Our chapter of scouts have been working on the website and apps that we are making for ECO Scouts everywhere. We have been working on a model for people everywhere can learn from and grow with. The vision is that children from all over the world should have a great present. That was what Santa Claus was all about. “Be the change you wish to see in the world”. This must be what Santa Claus was thinking as he headed around the world delivering his packages. That is our plan to help people be the change everyone wants to see when it comes to protecting the planet from the threat of climate change. People have had faith in lots of things and sometimes faith alone does not allways lead to change. Doing things does, “Be the change you wish to see in the world”. People have for a long time believed in America and felt that Democracy is the best solution to bring about change and the best way to be free. Well that only works when people participate in it. To leave the responsibility to people that we have elected to rule and run our country only works when they are good people that want the best for everyone. I was born in the USA but now it looks more like the “Divided States of America”. People are bagging on each other for what they think, not a people united together for everyones well being. My question is what type of people were both Christ and Santa Claus? Were they democrats, republicans, socialists or communists or what flag were they waving? We’ll both spent their lives caring and giving to other people. Both did not presume to be interested in wealth or themselves as much as others. We live in a world that is always changing and that is the way the world has always been. Take action “Be the change you wish to see in the world”. This is why we can’t leave changing the world to just anyone, everyone has to be apart of it. We all need to make that happen. To think you can make a change by supporting a political party, your government, any group or anyone person may not work that well. You have to “Be the change you wish to see in the world”. This is what ECO Scouting is about to always be prepared and be ready to learn new thing and boldly go and do what needs to be done.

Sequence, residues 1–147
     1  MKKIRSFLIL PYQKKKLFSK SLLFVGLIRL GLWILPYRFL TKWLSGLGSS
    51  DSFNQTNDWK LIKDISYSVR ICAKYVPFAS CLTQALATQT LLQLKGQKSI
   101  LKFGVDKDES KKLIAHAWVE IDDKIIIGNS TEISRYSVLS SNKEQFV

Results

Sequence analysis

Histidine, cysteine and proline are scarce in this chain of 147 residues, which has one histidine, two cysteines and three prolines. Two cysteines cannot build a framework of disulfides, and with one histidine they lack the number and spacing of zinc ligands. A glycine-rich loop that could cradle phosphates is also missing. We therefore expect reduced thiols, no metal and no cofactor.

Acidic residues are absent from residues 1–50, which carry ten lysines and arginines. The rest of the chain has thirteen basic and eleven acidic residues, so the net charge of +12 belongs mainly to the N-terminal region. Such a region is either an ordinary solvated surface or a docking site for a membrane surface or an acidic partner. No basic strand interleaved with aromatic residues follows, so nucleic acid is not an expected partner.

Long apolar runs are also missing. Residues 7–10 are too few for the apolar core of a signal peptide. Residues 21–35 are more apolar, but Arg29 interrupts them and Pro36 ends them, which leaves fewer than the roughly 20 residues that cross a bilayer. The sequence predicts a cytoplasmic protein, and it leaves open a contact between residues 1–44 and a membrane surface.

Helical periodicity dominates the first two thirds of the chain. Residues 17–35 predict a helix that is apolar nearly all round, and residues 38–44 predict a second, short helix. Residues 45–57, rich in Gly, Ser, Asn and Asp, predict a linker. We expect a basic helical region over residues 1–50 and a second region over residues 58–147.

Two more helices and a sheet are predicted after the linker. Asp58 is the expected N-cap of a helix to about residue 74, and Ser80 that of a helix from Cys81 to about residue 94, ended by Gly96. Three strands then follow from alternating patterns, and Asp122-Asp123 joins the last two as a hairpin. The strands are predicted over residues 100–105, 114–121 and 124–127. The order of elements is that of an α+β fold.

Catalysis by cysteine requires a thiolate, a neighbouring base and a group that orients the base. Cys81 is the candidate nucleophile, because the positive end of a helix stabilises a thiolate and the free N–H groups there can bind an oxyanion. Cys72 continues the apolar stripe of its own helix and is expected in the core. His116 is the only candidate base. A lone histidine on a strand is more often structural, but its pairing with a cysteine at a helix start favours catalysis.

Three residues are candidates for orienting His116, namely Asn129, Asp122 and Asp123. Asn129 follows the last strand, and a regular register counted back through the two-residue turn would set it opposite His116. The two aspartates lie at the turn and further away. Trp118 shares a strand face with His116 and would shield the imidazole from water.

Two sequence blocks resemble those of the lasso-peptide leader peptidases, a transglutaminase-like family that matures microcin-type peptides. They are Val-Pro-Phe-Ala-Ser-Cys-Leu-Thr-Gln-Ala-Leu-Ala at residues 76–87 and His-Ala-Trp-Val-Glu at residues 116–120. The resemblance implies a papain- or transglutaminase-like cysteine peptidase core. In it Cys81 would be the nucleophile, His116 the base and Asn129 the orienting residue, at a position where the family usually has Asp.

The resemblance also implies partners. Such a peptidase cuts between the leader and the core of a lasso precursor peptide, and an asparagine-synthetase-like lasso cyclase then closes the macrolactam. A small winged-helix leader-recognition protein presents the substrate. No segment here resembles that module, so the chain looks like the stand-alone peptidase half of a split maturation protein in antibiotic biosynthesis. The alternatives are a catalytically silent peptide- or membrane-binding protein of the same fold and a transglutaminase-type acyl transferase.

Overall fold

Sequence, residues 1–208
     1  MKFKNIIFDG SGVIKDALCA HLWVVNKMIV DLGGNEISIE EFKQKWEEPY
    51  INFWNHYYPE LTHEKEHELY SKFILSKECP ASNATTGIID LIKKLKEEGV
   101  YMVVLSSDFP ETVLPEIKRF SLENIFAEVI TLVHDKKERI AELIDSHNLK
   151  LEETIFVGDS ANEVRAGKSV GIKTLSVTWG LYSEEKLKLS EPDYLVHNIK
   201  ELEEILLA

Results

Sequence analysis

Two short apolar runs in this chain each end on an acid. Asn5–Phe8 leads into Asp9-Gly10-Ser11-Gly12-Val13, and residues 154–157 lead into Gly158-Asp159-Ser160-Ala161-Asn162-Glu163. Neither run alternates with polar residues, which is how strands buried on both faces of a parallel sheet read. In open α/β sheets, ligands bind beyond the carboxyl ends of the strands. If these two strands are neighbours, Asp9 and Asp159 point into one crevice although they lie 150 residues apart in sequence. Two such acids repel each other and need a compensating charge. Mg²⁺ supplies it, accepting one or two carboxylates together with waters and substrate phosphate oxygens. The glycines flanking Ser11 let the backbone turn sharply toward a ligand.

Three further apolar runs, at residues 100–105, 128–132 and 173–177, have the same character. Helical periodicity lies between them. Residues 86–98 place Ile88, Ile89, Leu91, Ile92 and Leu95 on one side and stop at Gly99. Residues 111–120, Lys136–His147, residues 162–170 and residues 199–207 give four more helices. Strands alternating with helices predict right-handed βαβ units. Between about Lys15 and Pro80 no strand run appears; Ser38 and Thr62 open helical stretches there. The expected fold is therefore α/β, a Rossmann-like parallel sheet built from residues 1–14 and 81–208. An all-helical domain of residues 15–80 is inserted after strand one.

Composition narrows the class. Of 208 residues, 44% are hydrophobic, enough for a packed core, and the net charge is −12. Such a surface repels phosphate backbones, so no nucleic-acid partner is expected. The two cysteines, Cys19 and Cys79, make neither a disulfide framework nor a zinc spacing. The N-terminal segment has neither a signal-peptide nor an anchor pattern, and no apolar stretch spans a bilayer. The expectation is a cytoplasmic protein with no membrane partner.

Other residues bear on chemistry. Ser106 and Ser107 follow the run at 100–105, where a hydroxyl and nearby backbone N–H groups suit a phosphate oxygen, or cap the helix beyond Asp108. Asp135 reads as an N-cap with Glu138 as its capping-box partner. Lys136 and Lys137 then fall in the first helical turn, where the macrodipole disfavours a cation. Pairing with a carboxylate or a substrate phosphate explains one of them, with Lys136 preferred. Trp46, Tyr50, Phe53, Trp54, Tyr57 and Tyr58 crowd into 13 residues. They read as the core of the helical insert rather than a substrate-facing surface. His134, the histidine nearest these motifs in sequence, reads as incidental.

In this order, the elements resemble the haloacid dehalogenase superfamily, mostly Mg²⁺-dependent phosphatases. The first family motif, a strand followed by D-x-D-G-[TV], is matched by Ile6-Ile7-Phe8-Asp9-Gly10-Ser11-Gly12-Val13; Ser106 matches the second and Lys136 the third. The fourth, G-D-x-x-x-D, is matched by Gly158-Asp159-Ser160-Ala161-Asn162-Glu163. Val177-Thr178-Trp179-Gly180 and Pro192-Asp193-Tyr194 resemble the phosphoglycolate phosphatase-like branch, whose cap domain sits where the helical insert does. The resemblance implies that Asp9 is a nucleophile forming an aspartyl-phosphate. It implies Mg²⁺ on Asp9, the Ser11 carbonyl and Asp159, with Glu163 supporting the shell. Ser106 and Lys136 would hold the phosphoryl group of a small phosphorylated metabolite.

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We inspire and train diverse youth to be effective leaders in the environmental, climate, and social justice movements.
Using art, music, storytelling, on the ground projects, civic engagement, and legal action, we advance solutions to the critical issues we face as a global community.
FFF, is a youth-led and -organized global climate strike movement that started in August 2018, when 15-year-old Greta Thunberg began a school strike for climate. In the three weeks leading up to the Swedish election, she sat outside Swedish Parliament every school day, demanding urgent action on the climate crisis. She was tired of society’s unwillingness to see the climate crisis for what it is: a crisis.
To begin with, she was alone, but she was soon joined by others. On the 8th of September, Greta and her fellow school strikers decided to continue their strike until the Swedish policies provided a safe pathway well under 2° C, i.e. in line with the Paris agreement. They created the hashtag #FridaysForFuture, and encouraged other young people all over the world to join them. This marked the beginning of the global school strike for climate.
Their call for action sparked an international awakening, with students and activists uniting around the globe to protest outside their local parliaments and city halls. Along with other groups across the world, Fridays for Future is part of a hopeful new wave of change, inspiring millions of people to take action on the climate crisis, and we want you to become one of us!
Sunrise’s Principles are guidelines which we all commit to upholding. Any action, member, or group that does not embody these principles are not a part of Sunrise.
1. We are a movement to stop climate change and create millions of good-paying jobs in the process.
end the corrupting influence of fossil fuel executives on our politics, and elect leaders who stand up for the health and well being of all people.
2. We grow our power through talking to our communities.
We talk to our neighbors, families, religious leaders, classmates, and teachers, in order to spread our word. Our strength and work is rooted in our local communities, and we are always growing in number.
3. We are people from all paths of life.